The act provides two additional significant exceptions to confidentiality for mediation communications: those “willfully used to plan a crime, commit or attempt to commit a crime, conceal ongoing criminal activity, or threaten violence”24 and those intended “for the limited purpose of establishing or refuting legally recognized grounds for voiding or reforming a settlement agreement reached during a mediation.”25 Despite confidentiality, information disclosed during mediation “that is otherwise admissible or subject to discovery does not become inadmissible or protected from discovery.”26
The act’s scope is broad — both automatic and voluntary. It applies to any mediation “[r]equired by statute, court rule, agency rule or order, oral or written case-specific court order, or court administrative order.”27 Additionally, mediation parties may expressly agree to be governed by the act,28 and will be governed by the act if the mediator is “certified by the Supreme Court of Florida, unless the parties expressly agree not to be bound.”29 Mediation parties may also agree to opt out of certain portions of the act regarding confidentiality, privilege, and civil remedies.30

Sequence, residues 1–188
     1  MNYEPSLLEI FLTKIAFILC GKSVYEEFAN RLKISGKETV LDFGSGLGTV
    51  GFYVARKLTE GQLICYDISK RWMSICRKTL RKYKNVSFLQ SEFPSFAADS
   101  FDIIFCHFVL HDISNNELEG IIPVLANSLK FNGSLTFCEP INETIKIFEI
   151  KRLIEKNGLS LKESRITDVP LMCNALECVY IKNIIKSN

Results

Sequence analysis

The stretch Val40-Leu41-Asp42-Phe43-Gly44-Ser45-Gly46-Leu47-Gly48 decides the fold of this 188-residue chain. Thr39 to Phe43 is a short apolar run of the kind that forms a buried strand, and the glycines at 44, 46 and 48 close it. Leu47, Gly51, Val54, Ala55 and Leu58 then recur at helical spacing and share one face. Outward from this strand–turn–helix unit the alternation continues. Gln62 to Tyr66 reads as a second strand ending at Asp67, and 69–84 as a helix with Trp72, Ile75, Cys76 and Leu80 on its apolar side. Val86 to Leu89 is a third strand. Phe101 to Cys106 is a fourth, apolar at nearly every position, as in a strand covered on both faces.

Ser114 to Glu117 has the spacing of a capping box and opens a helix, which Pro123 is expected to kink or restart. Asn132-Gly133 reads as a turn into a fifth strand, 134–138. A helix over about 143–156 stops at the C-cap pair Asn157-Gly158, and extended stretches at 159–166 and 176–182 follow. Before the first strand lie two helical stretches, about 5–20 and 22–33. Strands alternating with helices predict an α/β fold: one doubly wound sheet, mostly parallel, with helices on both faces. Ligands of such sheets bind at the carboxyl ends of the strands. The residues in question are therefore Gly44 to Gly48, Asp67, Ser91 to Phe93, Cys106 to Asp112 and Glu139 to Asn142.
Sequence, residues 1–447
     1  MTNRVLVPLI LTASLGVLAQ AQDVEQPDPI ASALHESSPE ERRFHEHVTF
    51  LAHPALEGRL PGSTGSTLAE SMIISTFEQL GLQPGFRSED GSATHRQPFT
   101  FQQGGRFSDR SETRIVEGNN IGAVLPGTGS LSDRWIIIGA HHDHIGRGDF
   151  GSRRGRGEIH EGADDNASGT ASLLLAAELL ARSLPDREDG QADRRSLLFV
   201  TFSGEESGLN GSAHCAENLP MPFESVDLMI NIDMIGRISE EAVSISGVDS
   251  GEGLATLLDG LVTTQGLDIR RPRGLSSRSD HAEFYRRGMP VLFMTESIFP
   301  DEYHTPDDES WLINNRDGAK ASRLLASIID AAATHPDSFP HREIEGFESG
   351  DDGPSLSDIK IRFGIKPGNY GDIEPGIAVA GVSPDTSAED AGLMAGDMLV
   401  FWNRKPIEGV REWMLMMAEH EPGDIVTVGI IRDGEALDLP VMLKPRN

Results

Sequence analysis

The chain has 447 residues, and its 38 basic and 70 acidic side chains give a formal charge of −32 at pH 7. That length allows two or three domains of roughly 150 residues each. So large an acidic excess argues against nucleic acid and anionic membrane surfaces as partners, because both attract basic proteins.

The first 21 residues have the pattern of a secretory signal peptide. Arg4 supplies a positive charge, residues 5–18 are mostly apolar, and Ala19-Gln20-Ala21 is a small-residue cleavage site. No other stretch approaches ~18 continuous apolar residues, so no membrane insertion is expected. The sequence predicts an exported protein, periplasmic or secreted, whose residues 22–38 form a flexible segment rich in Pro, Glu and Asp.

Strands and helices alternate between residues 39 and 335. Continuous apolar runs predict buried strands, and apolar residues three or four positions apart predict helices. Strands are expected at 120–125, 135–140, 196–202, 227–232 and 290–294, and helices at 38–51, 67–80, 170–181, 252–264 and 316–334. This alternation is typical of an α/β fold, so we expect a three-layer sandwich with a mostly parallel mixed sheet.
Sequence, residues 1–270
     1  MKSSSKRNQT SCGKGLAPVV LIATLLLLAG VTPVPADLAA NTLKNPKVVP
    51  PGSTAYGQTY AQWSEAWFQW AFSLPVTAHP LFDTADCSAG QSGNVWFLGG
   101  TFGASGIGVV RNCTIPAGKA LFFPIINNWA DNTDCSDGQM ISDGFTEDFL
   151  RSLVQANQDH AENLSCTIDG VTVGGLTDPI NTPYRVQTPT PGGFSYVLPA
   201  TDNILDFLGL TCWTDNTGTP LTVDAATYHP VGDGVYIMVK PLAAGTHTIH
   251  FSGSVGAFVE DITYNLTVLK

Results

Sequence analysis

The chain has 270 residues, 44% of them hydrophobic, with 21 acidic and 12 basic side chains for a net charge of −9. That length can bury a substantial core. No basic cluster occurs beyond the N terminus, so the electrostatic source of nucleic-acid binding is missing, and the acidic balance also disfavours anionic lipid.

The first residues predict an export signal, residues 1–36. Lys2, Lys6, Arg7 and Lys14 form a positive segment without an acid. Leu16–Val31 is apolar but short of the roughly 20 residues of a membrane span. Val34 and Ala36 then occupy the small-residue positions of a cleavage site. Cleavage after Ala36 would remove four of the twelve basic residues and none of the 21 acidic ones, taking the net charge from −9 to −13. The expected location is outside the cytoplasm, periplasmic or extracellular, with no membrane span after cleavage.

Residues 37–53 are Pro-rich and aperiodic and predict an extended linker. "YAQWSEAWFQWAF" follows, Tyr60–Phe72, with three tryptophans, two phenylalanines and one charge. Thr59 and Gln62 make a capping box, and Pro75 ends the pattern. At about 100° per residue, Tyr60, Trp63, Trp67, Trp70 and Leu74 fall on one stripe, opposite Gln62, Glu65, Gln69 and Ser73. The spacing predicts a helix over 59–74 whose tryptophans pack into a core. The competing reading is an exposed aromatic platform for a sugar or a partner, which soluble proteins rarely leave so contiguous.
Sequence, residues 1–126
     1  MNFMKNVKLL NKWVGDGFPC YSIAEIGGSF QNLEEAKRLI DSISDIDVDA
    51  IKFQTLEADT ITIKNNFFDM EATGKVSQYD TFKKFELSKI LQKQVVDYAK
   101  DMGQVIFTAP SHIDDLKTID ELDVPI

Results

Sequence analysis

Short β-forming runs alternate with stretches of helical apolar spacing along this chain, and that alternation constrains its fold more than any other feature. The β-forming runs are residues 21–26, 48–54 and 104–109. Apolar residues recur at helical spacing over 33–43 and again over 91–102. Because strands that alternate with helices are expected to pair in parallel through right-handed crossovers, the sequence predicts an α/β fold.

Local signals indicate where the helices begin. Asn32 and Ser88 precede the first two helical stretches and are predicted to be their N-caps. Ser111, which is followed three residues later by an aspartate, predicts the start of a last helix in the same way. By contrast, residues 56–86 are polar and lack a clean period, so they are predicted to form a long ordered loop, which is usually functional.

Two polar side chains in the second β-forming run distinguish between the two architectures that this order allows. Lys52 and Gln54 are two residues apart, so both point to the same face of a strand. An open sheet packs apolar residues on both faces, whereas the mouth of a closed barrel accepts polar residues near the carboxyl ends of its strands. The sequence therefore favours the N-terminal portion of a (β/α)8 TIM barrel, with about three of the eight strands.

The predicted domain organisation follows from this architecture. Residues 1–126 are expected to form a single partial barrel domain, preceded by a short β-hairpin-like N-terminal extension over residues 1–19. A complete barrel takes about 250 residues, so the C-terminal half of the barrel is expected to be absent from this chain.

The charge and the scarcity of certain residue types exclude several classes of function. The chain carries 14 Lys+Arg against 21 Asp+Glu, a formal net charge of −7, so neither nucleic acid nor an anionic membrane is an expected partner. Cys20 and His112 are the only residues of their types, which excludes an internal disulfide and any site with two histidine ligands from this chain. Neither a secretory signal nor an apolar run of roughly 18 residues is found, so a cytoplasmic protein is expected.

Understanding mediation confidentiality and applying the law has become increasingly important under the Mediation Confidentiality and Privilege Act, which provides serious civil remedies for breach including “equitable relief, compensatory damages, attorney’s fees, mediator’s fees, and costs.”31 Further, mediators are bound to follow the Florida Rules for Certified and Court-appointed Mediators, obligating them to “maintain the confidentiality of all information revealed during mediation except where disclosure is required or permitted by law or is agreed to by all parties.”32 Accordingly, mediation participants seeking to avoid civil actions and mediators seeking to avoid grievances need to consider not only the statutory exceptions to confidentiality, but their obligation to maintain confidentiality given only one required disclosure based on statutory mandatory reporting.